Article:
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The war years

Chapter 3

Against the backdrop of war, Henry Moore firmly established his reputation on the global stage in the 1940s, appointed by the British government as an official war artist and staging his first international exhibitions.

A drawing of two people under blankets, sleeping in a tunnel. The drawing is muted, mainly done with black crayon, with some highlights picked out in light red and yellow.

Leaving London

In 1940 Henry and Irina’s street in Hampstead was bombed, narrowly missing but damaging their studio. Fortunately, the couple had been away visiting friends in Hertfordshire at the time. On discovering the damage they quickly left London again.

They returned to Hertfordshire, deciding to rent part of a farmhouse called ‘Hoglands’ in Perry Green near Much Hadham. Though initially they planned to stay here just for the duration of the war, it would become their home for the rest of their lives.

A black and white photo showing the rear of an old farmhouse. A man, in his early 40s, is standing in an open doorway in the left of frame.
Henry Moore stands in the doorway at the rear of Hoglands, c.1940. Photo: Henry Moore Archive.
Black and white photo of a man wearing an apron, standing outdoors in a garden next to a sculpture of a torso on a plinth.
Henry Moore at Perry Green with 'Draped Torso' 1953 (LH 338) in 1954. Photo: Ida Kar.

At first, the Moores shared the house with another family, but the sale of a 1939 elmwood Reclining Figure – for £300 to fellow artist Gordon Onslow Ford – soon allowed them to buy the whole house.

As Moore sold more sculptures over the next few years, the couple managed to buy the house, followed by the surrounding land and buildings. By repurposing and constructing buildings on the site, Moore created numerous studios for making different types of work.

The sprawling estate provided space for Moore to display his large-scale sculptures against the landscape. Irina created a beautiful and vibrant garden – a perfect backdrop to her husband’s work.

War artist

During the war years in Perry Green, Moore joined the local Home Guard. Living less than thirty miles north of London, he continued to visit the city.

Moore dedicated himself to drawing at this time, partly due to a shortage of materials for making sculpture. He began drawing the crowds of people huddled in the London Underground during air raids, seeing comparisons between figures sleeping under blankets and his own reclining figures, and the holes of the tunnels and those in his sculptures.

In 1941 Moore became an official war artist, and was commissioned to create more of these ‘Shelter Drawings’. This work transformed his reputation, making him known to a much wider audience.


Henry Moore, 'Tube Shelter Perspective: The Liverpool Street Extension' 1941, pencil, wax crayon, coloured crayon, watercolour, wash, pen and ink.
A black and white photo taken in a coal mine in 1942. The artist Henry Moore is sketching a coalminer as he works at the coal face. The miner is wearing a helmet and is smeared with coal dust.
Henry Moore sketching Jack Hancock, a coalminer working at Wheldale Colliery, Castleford, in 1942. Photo: Reuben Saidman.

In August 1941, Moore was commissioned by the War Artists’ Advisory Committee to create drawings of the coalminers at Wheldale Colliery near Castleford, where his father had worked.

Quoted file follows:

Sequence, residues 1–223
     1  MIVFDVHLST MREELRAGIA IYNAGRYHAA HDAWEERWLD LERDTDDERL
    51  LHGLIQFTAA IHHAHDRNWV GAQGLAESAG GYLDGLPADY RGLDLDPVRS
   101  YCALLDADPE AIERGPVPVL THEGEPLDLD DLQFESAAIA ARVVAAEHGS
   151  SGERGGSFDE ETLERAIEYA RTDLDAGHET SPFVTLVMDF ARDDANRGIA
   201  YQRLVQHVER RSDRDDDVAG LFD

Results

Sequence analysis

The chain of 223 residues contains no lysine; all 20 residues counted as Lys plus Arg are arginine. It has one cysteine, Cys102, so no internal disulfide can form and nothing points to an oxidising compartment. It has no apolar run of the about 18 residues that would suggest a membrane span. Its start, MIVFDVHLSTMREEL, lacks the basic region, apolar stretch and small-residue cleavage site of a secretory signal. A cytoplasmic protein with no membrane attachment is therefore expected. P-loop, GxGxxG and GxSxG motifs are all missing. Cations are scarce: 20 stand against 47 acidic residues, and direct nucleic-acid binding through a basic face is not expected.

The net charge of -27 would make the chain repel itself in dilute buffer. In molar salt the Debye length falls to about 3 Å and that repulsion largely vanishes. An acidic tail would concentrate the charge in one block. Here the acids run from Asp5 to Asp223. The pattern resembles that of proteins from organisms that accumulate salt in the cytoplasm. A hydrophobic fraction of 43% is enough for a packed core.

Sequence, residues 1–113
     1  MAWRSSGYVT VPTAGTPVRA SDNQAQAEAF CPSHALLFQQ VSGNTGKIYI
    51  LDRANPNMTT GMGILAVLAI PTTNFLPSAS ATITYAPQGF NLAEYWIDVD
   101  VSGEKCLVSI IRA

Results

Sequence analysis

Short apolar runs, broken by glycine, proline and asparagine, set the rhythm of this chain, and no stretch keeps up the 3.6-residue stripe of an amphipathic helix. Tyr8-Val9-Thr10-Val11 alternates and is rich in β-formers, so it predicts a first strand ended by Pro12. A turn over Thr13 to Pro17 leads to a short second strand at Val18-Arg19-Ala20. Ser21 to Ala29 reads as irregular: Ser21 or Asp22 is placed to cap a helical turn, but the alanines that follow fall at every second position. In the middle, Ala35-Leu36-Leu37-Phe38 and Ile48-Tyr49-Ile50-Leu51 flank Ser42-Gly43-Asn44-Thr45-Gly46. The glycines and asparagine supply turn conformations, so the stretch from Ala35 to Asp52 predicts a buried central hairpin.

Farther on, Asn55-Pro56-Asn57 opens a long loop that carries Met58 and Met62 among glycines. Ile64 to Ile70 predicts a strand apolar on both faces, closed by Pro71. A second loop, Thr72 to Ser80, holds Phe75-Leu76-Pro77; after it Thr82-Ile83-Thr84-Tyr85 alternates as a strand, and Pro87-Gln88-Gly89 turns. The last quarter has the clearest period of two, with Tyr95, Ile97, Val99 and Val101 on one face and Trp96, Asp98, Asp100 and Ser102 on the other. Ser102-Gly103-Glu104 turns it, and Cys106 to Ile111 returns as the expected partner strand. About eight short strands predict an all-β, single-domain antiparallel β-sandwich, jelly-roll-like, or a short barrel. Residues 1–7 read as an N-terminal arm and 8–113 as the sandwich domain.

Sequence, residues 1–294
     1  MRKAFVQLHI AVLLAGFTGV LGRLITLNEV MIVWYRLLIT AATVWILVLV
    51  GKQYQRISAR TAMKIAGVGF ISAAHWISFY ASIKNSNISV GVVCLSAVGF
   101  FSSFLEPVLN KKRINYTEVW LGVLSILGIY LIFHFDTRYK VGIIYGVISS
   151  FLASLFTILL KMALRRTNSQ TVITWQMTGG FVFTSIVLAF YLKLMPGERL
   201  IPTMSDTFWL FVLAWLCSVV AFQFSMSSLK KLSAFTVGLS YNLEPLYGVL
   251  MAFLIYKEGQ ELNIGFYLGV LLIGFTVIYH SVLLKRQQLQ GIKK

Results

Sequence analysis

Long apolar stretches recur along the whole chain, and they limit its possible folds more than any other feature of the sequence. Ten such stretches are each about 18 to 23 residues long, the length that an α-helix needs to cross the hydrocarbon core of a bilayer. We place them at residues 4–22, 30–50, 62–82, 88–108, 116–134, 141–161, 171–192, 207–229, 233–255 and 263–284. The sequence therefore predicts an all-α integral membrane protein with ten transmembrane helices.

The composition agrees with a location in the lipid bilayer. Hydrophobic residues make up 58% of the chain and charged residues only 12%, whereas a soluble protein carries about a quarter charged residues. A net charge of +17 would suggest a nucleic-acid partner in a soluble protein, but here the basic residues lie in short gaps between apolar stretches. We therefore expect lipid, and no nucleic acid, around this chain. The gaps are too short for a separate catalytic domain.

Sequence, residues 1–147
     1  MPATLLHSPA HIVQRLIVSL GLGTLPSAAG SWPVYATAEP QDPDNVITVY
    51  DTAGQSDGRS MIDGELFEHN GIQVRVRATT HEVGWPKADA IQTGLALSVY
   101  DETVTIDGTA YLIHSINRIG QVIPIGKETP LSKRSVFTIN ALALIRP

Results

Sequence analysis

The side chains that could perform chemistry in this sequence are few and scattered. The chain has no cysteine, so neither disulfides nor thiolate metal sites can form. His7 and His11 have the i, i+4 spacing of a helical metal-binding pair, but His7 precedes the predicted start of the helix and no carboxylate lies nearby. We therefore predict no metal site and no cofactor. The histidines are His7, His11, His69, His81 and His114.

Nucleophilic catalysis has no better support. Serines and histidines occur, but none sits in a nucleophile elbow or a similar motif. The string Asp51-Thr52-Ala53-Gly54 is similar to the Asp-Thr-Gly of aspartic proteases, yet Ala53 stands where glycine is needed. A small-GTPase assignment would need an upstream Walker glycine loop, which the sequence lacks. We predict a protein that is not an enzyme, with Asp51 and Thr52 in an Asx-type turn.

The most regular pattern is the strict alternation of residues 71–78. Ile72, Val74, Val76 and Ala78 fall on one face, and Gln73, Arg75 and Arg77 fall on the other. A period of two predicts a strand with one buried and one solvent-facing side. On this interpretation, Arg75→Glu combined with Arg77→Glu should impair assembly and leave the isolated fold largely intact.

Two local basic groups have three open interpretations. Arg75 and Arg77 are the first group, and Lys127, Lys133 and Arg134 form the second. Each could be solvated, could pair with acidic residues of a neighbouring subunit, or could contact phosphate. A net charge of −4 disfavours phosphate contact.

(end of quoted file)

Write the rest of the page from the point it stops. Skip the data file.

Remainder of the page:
He began his observations in the mine in December of that year, completing the commission the following June.

Moore first returned to making sculpture following a commission from St Matthew’s Church in Northampton. His Madonna and Child, carved from Horton Stone, was completed in 1944.

After the war, Moore would dedicate himself once again to his sculpture.

A growing international career

As well as continuing to make drawings during the war, Moore also staged his first retrospective exhibition. This was held in 1941 at Temple Newsam House in Leeds, alongside work by his friends Graham Sutherland and John Piper.

In the same year, Moore was appointed a Trustee of the Tate Gallery, a position he held intermittently until 1956.

Moore held his first solo exhibition outside the UK in 1943, at the Buchholz Gallery in New York. In 1945 the University of Leeds awarded him the first of many honorary degrees.

In 1946, the Museum of Modern Art in New York displayed the first major international retrospective of Moore’s work. Moore credited this show with generating the global attention his art received in the years that followed.

A black and white photo of a sculpture exhibition displayed in a gallery. In the first room, nearest the camera, four large carvings are displayed on plinths. Visible through a doorway, in the next room, are two pictures hanging on the wall and one further sculpture.
Moore's carvings on display in Temple Newsam House, Leeds, 1941. Photo: C.R.H. Pickard & Son.

“Perhaps now that the war is completely over, the isolated, cut-off feeling we’ve all had, particularly here in England, may quickly go… Though I myself think that I have been particularly lucky throughout the war.

“Happiest thing of all is that I have been able to go on working all through – although not all the time at exactly what I would have liked – that is I’ve not been free to give the majority (and proper proportion) of my time to my real work of sculpture. But that’s no longer so.”

Henry Moore, 1973

(As quoted in Henry J. Seldis, Henry Moore in America, 1973, p.65)

Read more

Explore an interactive timeline of Henry Moore’s life, featuring important artworks and exhibitions, biographical information and life events, and Moore’s interactions with other artists.

Timeline of Henry Moore’s life